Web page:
Thus many Andanese decided to join the military, perversely seeking to protect the very people they abused, simply because they wanted the Pabap people to be their property only rather than splitting the spoils with all of the other parasitic invaders the Pabaps had allowed to creep around inside their borders. Because the Pabap military was pacifistic, the Andanese people were not even supplied with weapons, and were told that if they were approached by an enemy battalion their job was to run up and greet the soldiers with gifts and hope that they could make friends with their enemies. Few Andanese people were interested in this sort of war, and many joined paramilitary organizations that pledged allegiance not to Paba but to the interests of the Andanese people and the protection of Andanese property, by which they meant the Pabap people they preyed upon.
Influence of cultural contacts on language
While one might expect two cultures with such a hostile relationship to have little in common linguistically, in fact Andanese and Pabappa influenced each other greatly, and in both directions.
Cultural interactions with Thaoa
The Pabaps' relationship with Thaoa was very strained. For most of their history, the Thaoans used the Pabaps as slaves and prostitutes, and when food supplies in Thaoa ran low, Thaoans invaded Paba to carry home more slaves to replace the ones the Thaoans had eaten. For 1600 years, Paba's ruling royal family refused to fight back against Thaoa, insisting that Paba was a pacifistic empire that would only engage in economic competition with its enemies and not use its military even for self-defense. However, in 2668, after Paba was invaded by a third party claiming allegiance to Thaoa, Paba joined an invasion of Thaoa led by a multinational alliance including both historical allies and historical enemies of Paba, and since Paba was the closest empire to Thaoa, it was Pabap soldiers who did the most fighting. Although the Pabap soldiers were very poorly equipped for battle, the government of Thaoa had become so accustomed to its invincibility that their military leaders refused to believe that the war was real, and did nothing at all to resist as Paba's soldiers conquered not only Thaoa, but many nations to the east of Thaoa that the Thaoans had previously subjugated.
In the wake of their military victory, Paba decided to surrender unconditionally all of the territorial gains it had made during the war, claiming once again that they were a pacifistic empire and could not engage in military conquest under any circumstances. Before long, relations between the two empires returned to normal as Thaoan slavemasters were once again roaming the streets of Pabap cities looking for the most enticing slaves to abduct.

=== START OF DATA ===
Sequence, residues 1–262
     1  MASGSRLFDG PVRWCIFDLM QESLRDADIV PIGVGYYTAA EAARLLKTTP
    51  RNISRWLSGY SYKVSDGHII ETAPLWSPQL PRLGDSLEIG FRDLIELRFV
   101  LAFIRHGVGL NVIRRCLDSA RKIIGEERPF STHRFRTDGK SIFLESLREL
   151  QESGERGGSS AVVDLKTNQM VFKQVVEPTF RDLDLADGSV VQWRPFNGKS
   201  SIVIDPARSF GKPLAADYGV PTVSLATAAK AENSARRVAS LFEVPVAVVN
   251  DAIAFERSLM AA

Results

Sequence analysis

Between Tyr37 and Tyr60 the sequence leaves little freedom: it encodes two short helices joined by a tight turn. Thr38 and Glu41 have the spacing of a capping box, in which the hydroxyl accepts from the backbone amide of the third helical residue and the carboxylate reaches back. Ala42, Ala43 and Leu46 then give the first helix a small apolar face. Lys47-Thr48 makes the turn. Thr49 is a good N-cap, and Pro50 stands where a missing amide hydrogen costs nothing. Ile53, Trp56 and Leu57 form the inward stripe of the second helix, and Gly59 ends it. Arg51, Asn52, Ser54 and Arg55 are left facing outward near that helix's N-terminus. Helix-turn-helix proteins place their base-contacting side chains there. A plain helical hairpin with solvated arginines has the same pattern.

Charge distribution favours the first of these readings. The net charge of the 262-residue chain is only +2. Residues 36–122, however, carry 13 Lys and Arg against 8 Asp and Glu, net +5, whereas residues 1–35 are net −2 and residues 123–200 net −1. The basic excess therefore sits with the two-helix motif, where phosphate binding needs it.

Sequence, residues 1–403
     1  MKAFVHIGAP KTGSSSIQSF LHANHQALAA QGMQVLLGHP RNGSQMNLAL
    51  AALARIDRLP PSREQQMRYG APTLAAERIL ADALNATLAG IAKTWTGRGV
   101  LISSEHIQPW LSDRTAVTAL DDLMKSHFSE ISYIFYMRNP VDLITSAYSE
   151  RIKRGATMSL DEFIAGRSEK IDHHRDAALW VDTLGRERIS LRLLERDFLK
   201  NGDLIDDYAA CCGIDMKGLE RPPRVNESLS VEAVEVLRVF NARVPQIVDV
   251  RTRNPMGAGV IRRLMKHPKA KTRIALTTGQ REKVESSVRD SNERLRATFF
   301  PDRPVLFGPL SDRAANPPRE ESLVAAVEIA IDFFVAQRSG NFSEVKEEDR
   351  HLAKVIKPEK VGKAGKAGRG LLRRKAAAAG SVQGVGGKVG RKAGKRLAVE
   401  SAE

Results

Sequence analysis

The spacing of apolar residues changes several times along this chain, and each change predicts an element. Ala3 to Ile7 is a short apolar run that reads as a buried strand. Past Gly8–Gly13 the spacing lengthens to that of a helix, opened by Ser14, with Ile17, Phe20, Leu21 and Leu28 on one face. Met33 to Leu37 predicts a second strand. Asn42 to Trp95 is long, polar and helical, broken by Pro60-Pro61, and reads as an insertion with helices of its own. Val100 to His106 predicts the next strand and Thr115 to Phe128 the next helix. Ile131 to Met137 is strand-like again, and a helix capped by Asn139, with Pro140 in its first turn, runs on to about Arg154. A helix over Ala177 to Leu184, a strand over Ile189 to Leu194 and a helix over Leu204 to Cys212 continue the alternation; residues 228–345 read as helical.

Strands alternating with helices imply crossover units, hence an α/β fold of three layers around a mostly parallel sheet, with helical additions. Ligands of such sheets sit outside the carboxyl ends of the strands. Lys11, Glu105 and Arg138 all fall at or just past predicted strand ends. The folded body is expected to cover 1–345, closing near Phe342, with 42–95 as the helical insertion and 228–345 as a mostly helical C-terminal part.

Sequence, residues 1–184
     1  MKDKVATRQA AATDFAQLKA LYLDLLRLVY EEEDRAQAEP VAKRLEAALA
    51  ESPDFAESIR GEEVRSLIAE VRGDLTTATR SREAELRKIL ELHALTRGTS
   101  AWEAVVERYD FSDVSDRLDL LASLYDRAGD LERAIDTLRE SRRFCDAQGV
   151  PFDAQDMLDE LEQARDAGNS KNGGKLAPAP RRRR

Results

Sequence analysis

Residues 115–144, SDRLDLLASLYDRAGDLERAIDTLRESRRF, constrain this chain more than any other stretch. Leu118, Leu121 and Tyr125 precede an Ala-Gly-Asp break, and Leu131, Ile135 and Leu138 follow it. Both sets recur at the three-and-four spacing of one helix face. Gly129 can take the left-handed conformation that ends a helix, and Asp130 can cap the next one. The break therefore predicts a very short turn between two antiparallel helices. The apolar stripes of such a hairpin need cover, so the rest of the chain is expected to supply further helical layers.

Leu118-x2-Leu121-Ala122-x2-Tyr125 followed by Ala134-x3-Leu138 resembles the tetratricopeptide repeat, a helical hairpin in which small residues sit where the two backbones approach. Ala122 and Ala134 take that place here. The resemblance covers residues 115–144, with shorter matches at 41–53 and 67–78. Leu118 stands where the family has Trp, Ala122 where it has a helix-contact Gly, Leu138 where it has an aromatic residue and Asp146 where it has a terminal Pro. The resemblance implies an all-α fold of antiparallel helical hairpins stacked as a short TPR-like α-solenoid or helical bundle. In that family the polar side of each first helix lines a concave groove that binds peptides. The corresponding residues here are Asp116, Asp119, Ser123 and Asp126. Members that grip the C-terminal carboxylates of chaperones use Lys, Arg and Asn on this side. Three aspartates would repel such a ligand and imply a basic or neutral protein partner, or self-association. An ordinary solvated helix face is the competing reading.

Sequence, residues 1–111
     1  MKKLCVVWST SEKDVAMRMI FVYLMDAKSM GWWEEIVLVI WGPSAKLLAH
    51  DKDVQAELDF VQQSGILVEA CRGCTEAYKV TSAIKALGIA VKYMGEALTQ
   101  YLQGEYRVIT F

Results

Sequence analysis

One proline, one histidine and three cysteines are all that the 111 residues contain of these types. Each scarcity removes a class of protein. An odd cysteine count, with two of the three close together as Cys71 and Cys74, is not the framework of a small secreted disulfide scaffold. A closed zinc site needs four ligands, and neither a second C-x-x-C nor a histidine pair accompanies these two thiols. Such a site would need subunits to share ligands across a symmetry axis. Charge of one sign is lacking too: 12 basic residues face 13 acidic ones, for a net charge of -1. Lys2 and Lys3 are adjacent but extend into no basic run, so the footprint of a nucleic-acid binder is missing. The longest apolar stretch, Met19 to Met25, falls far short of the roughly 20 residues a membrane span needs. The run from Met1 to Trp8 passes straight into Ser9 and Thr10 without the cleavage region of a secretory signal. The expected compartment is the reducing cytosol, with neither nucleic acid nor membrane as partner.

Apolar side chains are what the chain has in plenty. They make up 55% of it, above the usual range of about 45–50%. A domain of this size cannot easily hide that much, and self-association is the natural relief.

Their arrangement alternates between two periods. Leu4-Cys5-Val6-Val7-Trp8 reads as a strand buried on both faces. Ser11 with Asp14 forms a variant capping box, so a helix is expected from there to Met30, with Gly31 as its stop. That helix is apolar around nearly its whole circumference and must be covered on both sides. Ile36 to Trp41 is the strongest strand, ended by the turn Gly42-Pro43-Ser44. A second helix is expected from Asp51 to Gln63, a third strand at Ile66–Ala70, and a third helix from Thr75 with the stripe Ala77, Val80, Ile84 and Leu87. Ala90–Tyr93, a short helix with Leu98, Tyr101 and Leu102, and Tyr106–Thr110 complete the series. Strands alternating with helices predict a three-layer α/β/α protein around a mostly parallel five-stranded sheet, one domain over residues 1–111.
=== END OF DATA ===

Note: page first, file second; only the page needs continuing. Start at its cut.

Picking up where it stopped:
Relations of culture and language
Because of Thaoa's abusive relationship, Paba absorbed nearly nothing from the Thaoa language into Babakiam. The only Thaoan loanwords that appeared in Babakiam were a few obscenities and words for animals' body parts. Even the otherwise submissive Pabap royal family refused to speak to Thaoan diplomats in Thaoa; they insisted that any Thaoans entering Paba must speak to Pabaps in Babakiam.
There are a few linguistic traits shared between Babakiam and Thaoa, but most of these are also shared with third-party languages as well and can be attributed to cultural osmosis. For example, both Babakiam and Thaoa changed the Gold language labiovelar stops kʷ ḳʷ ġʷ into pure labials p p b (in Thaoa, the first sometimes became pʰ). Another trait shared by both languages is the retention of /b/ as the only voiced stop in the language. Here, again, both languages had held onto this sound as a voiced bilabial fricative before later changing it to a stop. Both languages also had only one voiced fricative, /ž/, and in both languages this sound had arisen from palatalizations of previously existing voiced sounds (both stops and fricatives). However, all of these traits were shared with minor languages spoken in the same area, and cannot be attributed to direct contact between Thaoa and Babakiam in either direction.